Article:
An Update on Exosomes

Aesthetic Authority, Technology Pipeline: Aesthetic Authority Vol. 2: No. 1 , Volume 2, Issue 1
Pages: 22

According to Gregory W. Chernoff, MD, exosomes have a powerful role to play in aesthetic medicine, including fibroblast stimulation, wound angiogenesis, collagen extracellular matrix production, inflammation/immune response, hair follicle growth, and dermal papilla cell regeneration.

The field of regenerative medicine is exciting, particularly when it comes to exosomes and the promise they hold for aesthetics, says Gregory W. Chernoff, MD, who presented “The Powerful Role of Exosomes in Facial Plastic and Reconstructive Surgery” at the 2020 American Academy of Facial Plastic and Reconstructive Surgery (AAFPRS) Annual Meeting.

Chernoff describes exosomes as tiny protein packets that allow cells to communicate with each other. Ranging from 50 nm to 150 nm in size, these extracellular vesicles use messenger RNA as the “ON” switch for regenerative mechanisms, anti-inflammatory cytokines, angiogenic growth factors, and anti-prostaglandin signals. Their micro RNA is the “OFF” switch for matrix catabolic enzymes, chronic inflammatory cytokines, and other signals.

“Most importantly, exosomes are rich in growth factors, particularly TGF-β3, VEGF, IL-10, as well as TIMPs-1 and -2, relating particularly to skin issues,” says Chernoff.

Clinical trials are currently examining the effects of exosomes on several indications, he says, including skin aging, acne scarring, wound healing, burn therapy, surgical incision sites, surgical beds, scar therapy, and stretch marks.

“The current trials that we've been doing over the last three years involve over 100 patients looking particularly at… aging skin, acne, wound healing, and scar therapy,” he says.

Mesenchymal stem cell (MSC) exosomes offer several skin effects, including fibroblast stimulation, wound angiogenesis, collagen extracellular matrix production, inflammation/immune response, hair follicle growth, and dermal papilla cell regeneration, Chernoff says.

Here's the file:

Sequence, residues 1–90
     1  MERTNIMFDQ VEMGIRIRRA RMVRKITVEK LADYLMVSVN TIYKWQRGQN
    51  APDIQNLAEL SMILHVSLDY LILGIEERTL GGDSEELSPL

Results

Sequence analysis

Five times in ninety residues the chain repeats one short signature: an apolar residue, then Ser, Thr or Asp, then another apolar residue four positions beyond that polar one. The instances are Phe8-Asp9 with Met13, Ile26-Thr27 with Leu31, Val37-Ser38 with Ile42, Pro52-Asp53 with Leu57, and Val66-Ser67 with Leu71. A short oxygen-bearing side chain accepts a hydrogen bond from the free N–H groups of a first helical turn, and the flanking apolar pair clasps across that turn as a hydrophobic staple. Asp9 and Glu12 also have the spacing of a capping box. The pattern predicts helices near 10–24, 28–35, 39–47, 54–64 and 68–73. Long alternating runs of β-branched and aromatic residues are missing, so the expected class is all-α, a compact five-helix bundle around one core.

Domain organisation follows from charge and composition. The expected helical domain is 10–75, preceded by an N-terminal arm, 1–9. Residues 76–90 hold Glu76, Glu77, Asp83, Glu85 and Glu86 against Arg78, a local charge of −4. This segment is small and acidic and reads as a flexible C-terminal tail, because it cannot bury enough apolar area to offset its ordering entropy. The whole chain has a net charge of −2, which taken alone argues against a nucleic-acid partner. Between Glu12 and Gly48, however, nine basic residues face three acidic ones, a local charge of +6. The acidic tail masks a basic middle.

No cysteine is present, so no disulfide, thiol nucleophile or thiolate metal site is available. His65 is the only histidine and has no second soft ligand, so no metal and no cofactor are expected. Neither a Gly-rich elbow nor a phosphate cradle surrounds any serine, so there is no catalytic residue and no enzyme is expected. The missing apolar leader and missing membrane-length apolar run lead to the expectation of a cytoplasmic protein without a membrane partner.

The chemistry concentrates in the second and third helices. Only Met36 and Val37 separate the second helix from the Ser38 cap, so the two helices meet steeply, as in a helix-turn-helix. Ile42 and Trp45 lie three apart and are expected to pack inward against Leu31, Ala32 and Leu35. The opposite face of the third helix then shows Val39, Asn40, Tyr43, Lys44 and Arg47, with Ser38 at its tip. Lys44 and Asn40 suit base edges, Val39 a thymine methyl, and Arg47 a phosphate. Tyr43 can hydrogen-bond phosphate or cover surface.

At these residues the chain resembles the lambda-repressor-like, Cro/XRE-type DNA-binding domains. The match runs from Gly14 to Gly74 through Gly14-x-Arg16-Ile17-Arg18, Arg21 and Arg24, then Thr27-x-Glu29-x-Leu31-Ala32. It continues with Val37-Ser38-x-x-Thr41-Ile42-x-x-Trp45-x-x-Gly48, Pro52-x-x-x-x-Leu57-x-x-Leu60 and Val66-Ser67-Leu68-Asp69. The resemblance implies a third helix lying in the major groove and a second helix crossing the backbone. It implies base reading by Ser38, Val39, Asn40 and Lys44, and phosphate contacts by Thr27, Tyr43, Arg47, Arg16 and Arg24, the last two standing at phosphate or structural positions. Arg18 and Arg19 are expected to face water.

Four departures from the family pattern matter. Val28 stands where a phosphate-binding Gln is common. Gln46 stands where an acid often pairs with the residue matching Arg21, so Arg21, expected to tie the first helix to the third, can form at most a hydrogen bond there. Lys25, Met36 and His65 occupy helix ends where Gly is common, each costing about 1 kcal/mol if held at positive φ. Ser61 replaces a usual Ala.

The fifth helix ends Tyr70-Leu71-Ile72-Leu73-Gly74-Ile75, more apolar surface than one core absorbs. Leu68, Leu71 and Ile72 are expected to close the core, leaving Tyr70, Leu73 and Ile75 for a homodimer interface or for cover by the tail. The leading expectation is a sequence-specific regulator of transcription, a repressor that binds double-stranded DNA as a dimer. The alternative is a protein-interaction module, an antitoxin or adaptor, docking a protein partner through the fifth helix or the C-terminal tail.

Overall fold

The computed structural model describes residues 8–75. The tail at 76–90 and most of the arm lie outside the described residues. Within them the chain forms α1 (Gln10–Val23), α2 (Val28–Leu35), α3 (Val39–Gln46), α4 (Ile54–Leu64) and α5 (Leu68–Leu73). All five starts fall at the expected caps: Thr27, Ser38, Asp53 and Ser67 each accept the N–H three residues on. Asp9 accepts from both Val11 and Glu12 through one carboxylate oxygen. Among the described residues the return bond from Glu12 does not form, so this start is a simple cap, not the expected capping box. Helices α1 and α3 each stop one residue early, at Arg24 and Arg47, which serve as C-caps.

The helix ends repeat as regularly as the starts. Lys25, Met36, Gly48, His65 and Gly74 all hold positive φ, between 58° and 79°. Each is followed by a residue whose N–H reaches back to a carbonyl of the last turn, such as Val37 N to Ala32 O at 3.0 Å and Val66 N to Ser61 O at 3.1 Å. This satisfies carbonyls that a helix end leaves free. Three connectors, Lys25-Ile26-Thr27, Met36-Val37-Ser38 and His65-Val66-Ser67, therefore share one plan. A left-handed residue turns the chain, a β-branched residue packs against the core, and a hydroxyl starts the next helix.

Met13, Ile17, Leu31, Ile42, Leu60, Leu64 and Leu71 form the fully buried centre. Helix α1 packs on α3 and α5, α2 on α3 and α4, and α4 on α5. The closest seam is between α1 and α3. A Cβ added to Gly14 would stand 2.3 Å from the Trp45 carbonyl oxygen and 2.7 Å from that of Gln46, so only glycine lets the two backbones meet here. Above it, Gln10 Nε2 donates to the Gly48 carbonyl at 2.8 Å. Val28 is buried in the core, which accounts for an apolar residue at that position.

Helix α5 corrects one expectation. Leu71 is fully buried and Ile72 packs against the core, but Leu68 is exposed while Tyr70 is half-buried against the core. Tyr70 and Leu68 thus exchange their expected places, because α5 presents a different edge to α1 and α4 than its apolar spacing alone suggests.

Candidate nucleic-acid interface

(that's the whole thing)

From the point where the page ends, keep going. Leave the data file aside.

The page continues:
“Results of our studies on the skin showed that exosomes were tremendous at stimulating both fibroblasts proliferation and migration as well as increasing extracellular matrix production and deposition,” says Chernoff. “We also have seen angiogenesis promoted, and we've seen hair follicles increase in the growth phase.”

In patients with burns, he’s seeing second-degree burns heal more quickly and dramatically compared with conventional therapies.

“In the acne scarring population, uniformly we saw a reduction in pustules, in comedones, particularly with cystic acne.”

Exosomes can be delivered into the skin using a variety of tailored protocols, from microneedling or wound bed injection to nasal inhalation or intravenous.

“We know we can inject them intradermally, subcutaneously—if you have a sterile preparation—also intravenously,” says Chernoff.

Where exosomes come from also matters.

“The exosome landscape is very broad right now with many different companies offering different sources of exosomes so you really have to know what the source is, and this will tell you them where and when you can utilize them,” says Chernoff, who discussed the examples and sources in his presentation: culture-expanded placental MSCs (Kimera Labs), donated bone marrow (Direct Biologics), lyophilized donor adipose (ExoCoBio/Benev), placental MSCs (Vitt Labs and XOStem), neural (ArunA Biomedical).

Notably, exosomes do not contain DNA.

NEXT: Examining Exosome Application